The Federation of Electronic Esports Association of India (FEAI) organised a national summit, on Thursday, by bringing together key members of the industry along with sporting legends, esports talent, and representation from across key states to discuss the way forward for the sector to come together and structure a sustainable growth.
Speaking at the inaugural function, Vaibhav Dange, Founding Director, FEAI and President, Maratha Esports Association said, “India is poised to make headway in esports and reap great benefits from this pursuit, both in terms of the Indian youth’s participation in esports and their willingness to create their own identity in the global esports arena, as well as the overall development of esports as an industry as a whole. We are involved with all stakeholders to put together a draft policy that highlights the right definition of esports, how it is differentiated from online gaming, what is regulatory framework is needed and how athletes need to be ranked and protected in the long term.
Presently, India has 150,000 players and approximately 60,000 teams. This number is estimated to reach over 1.5 million by FY 2025.
Harsh Jain, Chief Executive, and Co-Founder, Dream Sports said, “This is a very exciting time for esports in India. From a sports perspective, esports is at the same stage in India that cricket was before the BCCI (via IPL) redefined the game forever and unlocked the potential of the entire cricket ecosystem. Esports has the ability to transform the way that fans engage with sports, just Fantasy sports already do for over 120 million Indian sports fans. We are proud to be working alongside FEAI and the government for the last year and we have committed to growing esports in India through multiple acquisitions and investments already.”
These will all enable esports players to complete, learn and upskill themselves through world-class platforms that are made in India, Jain added.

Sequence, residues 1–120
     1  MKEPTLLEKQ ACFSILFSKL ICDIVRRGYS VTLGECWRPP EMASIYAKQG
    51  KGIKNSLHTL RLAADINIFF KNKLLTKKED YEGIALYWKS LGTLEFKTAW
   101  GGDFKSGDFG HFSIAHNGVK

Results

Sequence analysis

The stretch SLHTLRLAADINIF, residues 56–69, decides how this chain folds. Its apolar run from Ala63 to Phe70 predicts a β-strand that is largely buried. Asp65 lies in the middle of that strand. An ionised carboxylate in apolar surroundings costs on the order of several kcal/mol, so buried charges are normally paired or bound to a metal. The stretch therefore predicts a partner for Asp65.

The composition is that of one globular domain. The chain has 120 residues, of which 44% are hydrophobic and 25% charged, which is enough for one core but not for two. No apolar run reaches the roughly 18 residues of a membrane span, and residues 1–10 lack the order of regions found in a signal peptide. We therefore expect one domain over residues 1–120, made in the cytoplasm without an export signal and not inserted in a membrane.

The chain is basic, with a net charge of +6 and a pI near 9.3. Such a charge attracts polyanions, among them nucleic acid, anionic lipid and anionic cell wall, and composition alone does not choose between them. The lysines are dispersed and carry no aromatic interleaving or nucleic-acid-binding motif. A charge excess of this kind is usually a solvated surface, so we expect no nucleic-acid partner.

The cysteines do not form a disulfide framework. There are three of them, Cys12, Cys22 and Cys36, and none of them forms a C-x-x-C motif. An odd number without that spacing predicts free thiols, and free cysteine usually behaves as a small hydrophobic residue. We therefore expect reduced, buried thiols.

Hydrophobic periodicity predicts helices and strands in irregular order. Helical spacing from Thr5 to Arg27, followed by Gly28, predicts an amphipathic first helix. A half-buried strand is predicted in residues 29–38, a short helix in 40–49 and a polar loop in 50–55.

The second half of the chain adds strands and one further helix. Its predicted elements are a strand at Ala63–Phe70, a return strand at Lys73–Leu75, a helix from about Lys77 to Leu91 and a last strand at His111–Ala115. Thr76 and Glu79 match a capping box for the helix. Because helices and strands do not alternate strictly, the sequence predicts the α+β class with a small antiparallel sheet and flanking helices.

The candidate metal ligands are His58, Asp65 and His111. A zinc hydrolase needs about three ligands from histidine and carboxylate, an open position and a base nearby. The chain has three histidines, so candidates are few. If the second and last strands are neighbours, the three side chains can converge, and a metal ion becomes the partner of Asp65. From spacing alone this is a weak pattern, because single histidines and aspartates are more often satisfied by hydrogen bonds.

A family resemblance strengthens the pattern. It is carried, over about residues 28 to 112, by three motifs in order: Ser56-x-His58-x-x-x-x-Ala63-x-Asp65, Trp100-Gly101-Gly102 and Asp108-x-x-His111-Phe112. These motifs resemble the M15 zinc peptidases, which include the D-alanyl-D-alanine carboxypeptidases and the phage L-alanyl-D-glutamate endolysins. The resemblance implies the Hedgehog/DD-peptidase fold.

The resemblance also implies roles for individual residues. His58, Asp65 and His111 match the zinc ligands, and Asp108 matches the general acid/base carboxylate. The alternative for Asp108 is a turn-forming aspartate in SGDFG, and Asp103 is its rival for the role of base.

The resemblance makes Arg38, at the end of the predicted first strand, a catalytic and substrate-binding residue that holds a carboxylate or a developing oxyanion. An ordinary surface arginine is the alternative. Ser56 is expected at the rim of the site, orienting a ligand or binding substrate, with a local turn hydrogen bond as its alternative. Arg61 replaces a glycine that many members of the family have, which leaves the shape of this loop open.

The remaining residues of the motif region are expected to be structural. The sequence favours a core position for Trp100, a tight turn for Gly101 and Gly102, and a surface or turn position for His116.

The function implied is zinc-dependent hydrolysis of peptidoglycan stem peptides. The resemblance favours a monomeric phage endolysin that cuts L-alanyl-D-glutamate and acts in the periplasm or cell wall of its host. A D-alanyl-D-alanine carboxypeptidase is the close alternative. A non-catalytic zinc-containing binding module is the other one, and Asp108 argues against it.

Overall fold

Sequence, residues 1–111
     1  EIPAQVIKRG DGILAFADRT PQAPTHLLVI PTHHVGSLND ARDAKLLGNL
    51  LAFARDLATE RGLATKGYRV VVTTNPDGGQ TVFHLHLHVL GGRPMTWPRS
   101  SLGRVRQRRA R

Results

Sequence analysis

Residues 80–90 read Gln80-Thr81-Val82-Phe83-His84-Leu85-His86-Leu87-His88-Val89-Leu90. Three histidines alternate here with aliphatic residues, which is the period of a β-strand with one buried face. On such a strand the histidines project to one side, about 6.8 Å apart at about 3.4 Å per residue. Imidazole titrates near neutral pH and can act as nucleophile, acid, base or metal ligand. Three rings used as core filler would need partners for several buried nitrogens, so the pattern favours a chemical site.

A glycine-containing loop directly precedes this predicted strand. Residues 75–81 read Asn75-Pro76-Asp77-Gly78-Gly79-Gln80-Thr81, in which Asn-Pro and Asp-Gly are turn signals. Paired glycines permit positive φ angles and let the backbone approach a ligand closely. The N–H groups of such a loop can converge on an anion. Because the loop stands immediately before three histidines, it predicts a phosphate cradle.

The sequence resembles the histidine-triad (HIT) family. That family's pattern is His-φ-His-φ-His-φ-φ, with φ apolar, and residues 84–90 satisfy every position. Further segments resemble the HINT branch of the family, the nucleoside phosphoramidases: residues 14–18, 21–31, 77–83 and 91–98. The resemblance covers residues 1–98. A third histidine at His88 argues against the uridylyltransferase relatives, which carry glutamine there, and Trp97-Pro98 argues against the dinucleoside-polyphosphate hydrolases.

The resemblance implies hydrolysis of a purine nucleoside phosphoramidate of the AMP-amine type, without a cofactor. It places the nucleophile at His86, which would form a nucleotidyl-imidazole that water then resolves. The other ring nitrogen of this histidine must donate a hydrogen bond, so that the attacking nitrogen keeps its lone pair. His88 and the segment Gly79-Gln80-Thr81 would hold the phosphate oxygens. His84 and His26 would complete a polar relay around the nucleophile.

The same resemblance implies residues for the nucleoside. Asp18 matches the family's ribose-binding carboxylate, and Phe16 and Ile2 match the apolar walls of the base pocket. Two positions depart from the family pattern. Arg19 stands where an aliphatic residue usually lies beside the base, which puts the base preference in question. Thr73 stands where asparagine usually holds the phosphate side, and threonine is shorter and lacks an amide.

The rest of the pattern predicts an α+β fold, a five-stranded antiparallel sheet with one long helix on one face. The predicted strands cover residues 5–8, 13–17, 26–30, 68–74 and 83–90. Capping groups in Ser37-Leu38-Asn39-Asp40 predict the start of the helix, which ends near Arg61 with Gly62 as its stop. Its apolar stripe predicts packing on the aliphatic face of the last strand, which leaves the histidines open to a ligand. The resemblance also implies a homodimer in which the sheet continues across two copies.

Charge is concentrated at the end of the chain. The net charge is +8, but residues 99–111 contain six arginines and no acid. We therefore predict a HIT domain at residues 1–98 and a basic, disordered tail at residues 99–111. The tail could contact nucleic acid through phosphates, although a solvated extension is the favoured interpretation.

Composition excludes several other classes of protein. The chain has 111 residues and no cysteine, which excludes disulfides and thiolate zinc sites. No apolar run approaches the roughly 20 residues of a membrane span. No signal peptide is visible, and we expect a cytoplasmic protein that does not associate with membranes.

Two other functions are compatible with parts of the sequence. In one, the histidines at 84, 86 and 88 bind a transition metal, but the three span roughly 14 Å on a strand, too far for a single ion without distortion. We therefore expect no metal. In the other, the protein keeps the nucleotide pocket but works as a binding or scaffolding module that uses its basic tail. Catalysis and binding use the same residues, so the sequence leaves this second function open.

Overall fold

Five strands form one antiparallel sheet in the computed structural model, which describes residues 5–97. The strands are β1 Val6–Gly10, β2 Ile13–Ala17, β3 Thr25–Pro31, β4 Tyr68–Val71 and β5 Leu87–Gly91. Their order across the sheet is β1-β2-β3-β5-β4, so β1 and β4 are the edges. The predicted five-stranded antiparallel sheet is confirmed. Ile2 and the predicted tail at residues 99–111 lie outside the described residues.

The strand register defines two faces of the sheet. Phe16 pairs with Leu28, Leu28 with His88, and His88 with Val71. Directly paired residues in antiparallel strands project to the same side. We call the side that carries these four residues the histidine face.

Rajani Navani, Founder, JetSynthesys, spoke about the immediate action required following the establishment of the FEAI.
Navani said, “Today marks a momentous occasion that we may look back to in 10 or 12 years’ time when we chart the journey of esports in India. As the immediate three-point agenda, we must first work towards maintaining the centrality of players and consolidating a talent pool in the country under a professional structure. Secondly, we must face the challenges of data sovereignty and implement a policy framework around data protection and data sovereignty; and thirdly, we must work towards making Indian esports and indigenous titles truly global. We must endeavour to create a sustainable economy around esports that aids job production and enables revenue generation.”
Beyond traditional sport, the difference in the stakeholder mix when it comes to esport is the publishers playing a critical role in the mix. So far the industry has been highly fragmented, leaving the structure and future prospects open to interpretation. Often the line blurs between esports and gaming.
Dibyojyoti Mainak, Director, Nereus Sports said, “We aim to bring about a cultural shift in the awareness around the acceptance of esports as a wholesome pursuit that is not differentiated from pursuing conventional sports. As a global player in this space, MPL is working towards conducting large-scale tournaments in esports which can bring players from all around the world to compete under one umbrella, preferably in indigenous titles conceptualized and made in India. It has been an honour for MPL to associate with the FEAI since the very beginning, having been a part of the deliberations that have taken place and to be heard by the team since the start. Going forward, we are thrilled to work together to take Indian esports to the world.”
The most critical tournaments are those held at the Asian Games as a medal sport and South Asian Games apart from the next edition of the Olympics as well.